Pythagorean Theorem

Pythagorean Theorem

How to solve the Pythagorean theorem problems: theorem, proof, examples, and their solutions.

Theorem

If the lengths of the right triangle's legs are a and b, and if the length of the right triangle's hypotenuse is c, then a^2 + b^2 = c^2. This is the Pythagorean theorem (or the Pythagoras' theorem).

For a right triangle,
if legs: a, b and hypotenuse: c,
then a2 + b2 = c2.

This is the Pythagorean theorem.
(= Pythagoras' theorem)

Proof

Start from the right triangle whose lengths of the legs are a and b, and whose length of the hypotenuse is c. Draw two square using four of the right triangles. Then (a + b)^2 = 4*(1/2)ab + c^2. Then this becomes a^2 + b^2 = c^2.

Start from the right triangle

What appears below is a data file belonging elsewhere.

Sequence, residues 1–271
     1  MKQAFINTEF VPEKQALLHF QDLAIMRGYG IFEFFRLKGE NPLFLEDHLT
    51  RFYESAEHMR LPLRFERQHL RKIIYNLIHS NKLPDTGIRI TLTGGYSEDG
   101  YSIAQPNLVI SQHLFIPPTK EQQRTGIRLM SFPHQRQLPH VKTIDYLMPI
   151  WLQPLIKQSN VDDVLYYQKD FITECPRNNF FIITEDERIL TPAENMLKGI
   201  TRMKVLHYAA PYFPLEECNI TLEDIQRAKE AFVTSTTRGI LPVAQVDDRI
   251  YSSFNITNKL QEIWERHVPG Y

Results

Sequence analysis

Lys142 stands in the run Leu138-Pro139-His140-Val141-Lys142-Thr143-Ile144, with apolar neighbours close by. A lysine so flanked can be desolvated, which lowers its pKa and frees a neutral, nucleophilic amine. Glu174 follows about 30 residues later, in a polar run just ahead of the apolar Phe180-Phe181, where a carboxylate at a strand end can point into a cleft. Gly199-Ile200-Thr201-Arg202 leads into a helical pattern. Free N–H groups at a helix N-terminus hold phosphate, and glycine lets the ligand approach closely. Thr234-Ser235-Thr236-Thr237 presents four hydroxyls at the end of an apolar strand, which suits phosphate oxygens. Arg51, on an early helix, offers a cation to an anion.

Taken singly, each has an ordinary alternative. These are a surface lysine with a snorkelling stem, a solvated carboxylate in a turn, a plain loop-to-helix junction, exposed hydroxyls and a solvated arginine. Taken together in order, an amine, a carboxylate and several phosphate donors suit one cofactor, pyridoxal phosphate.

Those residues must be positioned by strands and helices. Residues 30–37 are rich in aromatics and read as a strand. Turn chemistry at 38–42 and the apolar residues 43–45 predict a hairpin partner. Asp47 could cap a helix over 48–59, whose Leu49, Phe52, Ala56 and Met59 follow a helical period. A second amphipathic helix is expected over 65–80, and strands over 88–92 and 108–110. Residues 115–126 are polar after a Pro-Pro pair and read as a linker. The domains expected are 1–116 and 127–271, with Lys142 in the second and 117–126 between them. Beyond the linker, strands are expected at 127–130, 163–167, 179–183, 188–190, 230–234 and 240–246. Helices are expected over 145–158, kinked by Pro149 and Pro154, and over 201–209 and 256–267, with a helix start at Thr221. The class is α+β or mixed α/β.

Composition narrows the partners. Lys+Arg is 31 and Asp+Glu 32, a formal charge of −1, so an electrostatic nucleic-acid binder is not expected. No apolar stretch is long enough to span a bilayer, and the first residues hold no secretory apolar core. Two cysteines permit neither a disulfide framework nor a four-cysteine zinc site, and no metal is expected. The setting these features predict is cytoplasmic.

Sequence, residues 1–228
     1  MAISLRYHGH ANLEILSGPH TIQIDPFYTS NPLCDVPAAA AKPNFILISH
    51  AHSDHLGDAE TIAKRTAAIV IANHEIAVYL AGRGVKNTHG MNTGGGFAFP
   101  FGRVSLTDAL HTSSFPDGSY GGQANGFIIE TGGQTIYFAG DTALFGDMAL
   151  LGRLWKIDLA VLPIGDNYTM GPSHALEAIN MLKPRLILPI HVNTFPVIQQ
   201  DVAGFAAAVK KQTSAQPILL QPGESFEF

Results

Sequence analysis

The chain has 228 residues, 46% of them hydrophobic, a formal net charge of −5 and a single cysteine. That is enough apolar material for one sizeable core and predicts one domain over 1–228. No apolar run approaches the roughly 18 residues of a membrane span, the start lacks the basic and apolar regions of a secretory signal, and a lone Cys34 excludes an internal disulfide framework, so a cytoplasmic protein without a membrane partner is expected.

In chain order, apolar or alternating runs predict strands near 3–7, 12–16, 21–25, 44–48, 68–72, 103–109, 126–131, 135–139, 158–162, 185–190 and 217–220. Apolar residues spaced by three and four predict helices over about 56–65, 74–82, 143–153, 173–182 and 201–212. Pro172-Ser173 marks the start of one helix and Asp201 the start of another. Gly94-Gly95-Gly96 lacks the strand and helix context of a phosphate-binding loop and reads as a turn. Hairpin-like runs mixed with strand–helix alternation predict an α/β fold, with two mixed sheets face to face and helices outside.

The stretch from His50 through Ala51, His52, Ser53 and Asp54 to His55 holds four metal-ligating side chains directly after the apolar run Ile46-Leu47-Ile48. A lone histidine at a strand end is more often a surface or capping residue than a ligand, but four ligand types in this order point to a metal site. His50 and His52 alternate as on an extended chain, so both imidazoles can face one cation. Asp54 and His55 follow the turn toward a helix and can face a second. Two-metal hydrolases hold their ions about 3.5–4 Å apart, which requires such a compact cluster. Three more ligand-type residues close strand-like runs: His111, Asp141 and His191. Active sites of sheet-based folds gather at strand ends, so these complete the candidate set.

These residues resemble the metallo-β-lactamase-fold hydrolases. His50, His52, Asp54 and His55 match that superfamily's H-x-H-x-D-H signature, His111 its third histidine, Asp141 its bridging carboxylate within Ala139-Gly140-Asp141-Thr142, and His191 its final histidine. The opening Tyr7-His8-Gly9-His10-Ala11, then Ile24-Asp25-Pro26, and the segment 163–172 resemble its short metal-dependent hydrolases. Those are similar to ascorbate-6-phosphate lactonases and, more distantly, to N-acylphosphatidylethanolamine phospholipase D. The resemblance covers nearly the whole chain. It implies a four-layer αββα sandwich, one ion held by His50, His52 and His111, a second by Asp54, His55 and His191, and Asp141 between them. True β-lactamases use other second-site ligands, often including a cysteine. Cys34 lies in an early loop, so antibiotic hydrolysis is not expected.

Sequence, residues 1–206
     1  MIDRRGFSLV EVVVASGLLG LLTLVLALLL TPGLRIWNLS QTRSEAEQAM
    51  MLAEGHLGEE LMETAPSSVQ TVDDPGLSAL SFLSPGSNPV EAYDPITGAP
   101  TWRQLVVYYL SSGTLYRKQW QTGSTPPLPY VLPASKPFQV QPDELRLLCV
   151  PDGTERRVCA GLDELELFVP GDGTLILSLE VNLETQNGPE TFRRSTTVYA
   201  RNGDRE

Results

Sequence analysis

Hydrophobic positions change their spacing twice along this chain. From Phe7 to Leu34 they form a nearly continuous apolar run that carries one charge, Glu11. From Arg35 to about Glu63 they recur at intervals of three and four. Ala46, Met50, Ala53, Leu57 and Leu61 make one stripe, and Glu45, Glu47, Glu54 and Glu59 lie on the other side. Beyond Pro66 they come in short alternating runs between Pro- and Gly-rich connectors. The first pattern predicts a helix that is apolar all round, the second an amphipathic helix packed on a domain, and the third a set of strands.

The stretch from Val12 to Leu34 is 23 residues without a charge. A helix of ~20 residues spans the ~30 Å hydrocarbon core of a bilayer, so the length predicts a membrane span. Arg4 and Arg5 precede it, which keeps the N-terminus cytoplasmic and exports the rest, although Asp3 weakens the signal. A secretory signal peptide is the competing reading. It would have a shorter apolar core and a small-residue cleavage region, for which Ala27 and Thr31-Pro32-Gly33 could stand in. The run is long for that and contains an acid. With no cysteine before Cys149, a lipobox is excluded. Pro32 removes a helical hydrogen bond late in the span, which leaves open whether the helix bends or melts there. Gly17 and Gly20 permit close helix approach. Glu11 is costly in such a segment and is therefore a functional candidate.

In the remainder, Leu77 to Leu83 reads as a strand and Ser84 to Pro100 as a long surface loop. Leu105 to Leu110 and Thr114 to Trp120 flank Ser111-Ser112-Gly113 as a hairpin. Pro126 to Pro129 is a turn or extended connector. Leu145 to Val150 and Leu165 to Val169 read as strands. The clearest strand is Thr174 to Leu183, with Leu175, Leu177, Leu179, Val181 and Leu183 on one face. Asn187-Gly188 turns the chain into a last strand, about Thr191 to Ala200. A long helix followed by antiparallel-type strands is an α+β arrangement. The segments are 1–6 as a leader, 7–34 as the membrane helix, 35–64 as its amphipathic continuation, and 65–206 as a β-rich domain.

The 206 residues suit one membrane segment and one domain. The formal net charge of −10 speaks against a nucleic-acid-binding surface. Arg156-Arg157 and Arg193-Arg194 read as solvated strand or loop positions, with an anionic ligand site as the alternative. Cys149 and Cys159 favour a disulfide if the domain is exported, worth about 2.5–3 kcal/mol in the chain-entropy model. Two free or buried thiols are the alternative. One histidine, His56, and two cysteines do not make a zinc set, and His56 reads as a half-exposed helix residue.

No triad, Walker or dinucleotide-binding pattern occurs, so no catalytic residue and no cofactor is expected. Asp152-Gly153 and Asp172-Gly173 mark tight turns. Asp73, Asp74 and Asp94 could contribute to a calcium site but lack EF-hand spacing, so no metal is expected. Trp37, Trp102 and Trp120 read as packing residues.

whose lengths of the legs are a and b,
and whose length of the hypotenuse is c.

Draw two squares using four of the right triangles.

The center quadrilateral's angle is a right angle,
because m∠(plain) + m∠(dot) + 90 = 180.
(See the right triangle's interior angles.)

Find the areas of both squares:

(purple square) = (a + b)2

(right square) = 4 × (1/2)ab + c2
= (4 × blue triangle) + (red square)

The areas of both squares are equal:
(a + b)2 = 4 × (1/2)ab + c2

(a + b)2 = a2 + 2ab + b2

Square of a sum

Example 1

Find the value of x. The lengths of the right triangle's legs: 3, 4. The length of the right triangle's hypotenuse: x.

Legs: 3, 4
Hypotenuse: x

Example 2

Find the value of x. The lengths of the right triangle's legs: 5, x. The length of the right triangle's hypotenuse: square root 89.

Legs: 5, x
Hypotenuse: √89